Saturday, October 20, 2007

Gubernatorial Outlook 2008

As expected, Republican Congressman Bobby Jindal easily won the Louisiana's governor race, avoiding a runoff election by getting over 50% of the vote (LA has open primary elections). Democrats were left with no serious candidate after Gov. Blanco decided to to run for re-election (she defeated Jindal in 2003 but had been dogged by criticism over her response to Hurricane Katrina) and former Sen. John Breaux determined his residency wouldn't qualify him to run. However, Democrats will soon make up for the loss in Kentucky where former Lt. Governor Steve Beshear has a 20-point lead over the ethics-challenged Gov. Ernie Fletcher. The parties are just switching seats this year.

But what about competitive races in 2008? Here's Chris Cillizza's take:
5. Washington: Say this for the Washington governor's race. It has the making of being nasty, brutish and short. Why? Former state Sen. Dino Rossi (R) will run but he doesn't seem to feel any immediate pressure to make that announcement and may not for several months. And, the campaigns are already exchanging subtle body blows, however, and this race is likely to get ugly quickly. Gov. Christine Gregoire (D) has several advantages that she didn't have when she eked by Rossi after multiple recounts in 2004: she is an incumbent in a Democratic-leaning state in a national environment that is toxic for Republicans. Rossi's challenge is formidable but he is a gifted candidate. (Previous ranking: 5)

4. Indiana: This is a race is full of disconnects. Take the Democratic primary. The smart money -- both in state and nationally -- seems to be on architect Jim Schellinger (D) and yet former Rep. Jill Long Thompson (D) has a comfortable primary lead and the support of EMILY's List, which means she will be able to compete financially with Schellinger. The general election provides a similar conundrum as Republicans are absolutely convinced that Gov. Mitch Daniels (R) will be re-elected going away -- citing the state's Republican lean and the turnout patterns in a presidential year. And yet, an independent poll conducted last month showed 45 percent of voters rating Daniels' job performance as "excellent" or "good" and 47 percent rating it "fair" or "poor". We aren't sure what to think but this race has all the makings of a real contest in both the primary and the general election. (Previous ranking: 4)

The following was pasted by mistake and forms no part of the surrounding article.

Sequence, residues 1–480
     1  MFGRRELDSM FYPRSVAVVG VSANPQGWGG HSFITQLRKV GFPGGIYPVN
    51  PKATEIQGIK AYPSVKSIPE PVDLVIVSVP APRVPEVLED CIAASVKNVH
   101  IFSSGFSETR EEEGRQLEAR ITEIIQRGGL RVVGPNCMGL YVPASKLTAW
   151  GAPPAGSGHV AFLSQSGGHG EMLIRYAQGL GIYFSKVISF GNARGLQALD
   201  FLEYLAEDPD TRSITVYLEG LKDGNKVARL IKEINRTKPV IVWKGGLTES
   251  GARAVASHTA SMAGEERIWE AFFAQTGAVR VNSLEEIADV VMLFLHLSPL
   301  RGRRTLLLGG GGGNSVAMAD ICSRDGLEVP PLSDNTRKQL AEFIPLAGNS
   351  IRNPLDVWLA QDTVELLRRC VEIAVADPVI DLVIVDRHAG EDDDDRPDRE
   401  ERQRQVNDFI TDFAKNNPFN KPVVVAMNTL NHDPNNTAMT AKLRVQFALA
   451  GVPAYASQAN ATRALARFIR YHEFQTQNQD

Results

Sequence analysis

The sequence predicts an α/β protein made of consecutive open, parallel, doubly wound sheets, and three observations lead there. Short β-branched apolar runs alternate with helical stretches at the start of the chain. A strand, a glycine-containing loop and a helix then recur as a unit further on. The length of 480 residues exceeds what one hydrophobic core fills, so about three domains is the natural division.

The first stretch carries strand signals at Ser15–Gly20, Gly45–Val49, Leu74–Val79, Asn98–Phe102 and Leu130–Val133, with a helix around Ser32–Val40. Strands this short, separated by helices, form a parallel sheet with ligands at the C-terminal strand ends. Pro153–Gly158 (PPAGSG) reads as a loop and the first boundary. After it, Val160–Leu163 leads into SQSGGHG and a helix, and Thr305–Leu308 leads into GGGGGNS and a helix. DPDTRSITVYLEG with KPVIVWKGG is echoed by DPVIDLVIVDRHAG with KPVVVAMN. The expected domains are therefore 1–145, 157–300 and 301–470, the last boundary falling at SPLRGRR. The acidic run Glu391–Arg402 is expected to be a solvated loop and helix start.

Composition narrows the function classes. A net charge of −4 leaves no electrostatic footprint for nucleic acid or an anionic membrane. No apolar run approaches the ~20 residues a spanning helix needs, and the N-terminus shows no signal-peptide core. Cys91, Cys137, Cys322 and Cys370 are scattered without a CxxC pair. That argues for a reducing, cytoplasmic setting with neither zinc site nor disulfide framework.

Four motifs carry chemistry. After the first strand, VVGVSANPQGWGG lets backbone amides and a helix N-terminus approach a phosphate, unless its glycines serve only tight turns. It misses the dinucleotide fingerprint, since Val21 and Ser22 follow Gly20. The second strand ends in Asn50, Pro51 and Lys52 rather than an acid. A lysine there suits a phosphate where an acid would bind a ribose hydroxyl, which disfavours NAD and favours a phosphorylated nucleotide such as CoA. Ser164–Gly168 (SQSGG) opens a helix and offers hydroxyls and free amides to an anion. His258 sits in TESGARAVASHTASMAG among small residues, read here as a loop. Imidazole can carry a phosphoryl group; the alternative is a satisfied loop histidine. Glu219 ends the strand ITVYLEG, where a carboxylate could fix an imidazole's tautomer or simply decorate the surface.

3. Missouri: As usual when it comes to Missouri politics, Kansas City Star political correspondent Steve Kraske gets it right. Kraske wrote in a recent column that Gov. Matt Blunt's (R) re-election chances hinge on whether he lets a 2005 decision to cut Medicaid rolls in order to close a $1 billion budget shortfall define his first four years or not. In a recent sitdown with The Fix, state Attorney General Jay Nixon (D) made very clear that his campaign will seek to make the 2008 vote a referendum on that decision by Blunt. "He came in and made a fundamental mistake," said Nixon. Is it that simple? It just might be. Expect Republicans to continue to bang on alleged ethical missteps by Nixon, turning the race into a devil-you-know vs devil-you-don't contest. Nixon appears ready for that sort of bloodbath; "You only have to be better than the guy you're running against." he said. What a campaign slogan! (Previous ranking: 3)

(The 1st and 2nd ranked competitive races were this year's aforementioned ones in LA and KY.)

So basically, two Republican incumbents are facing challenges, compared to just one Democrat. Hey, I'll take that.

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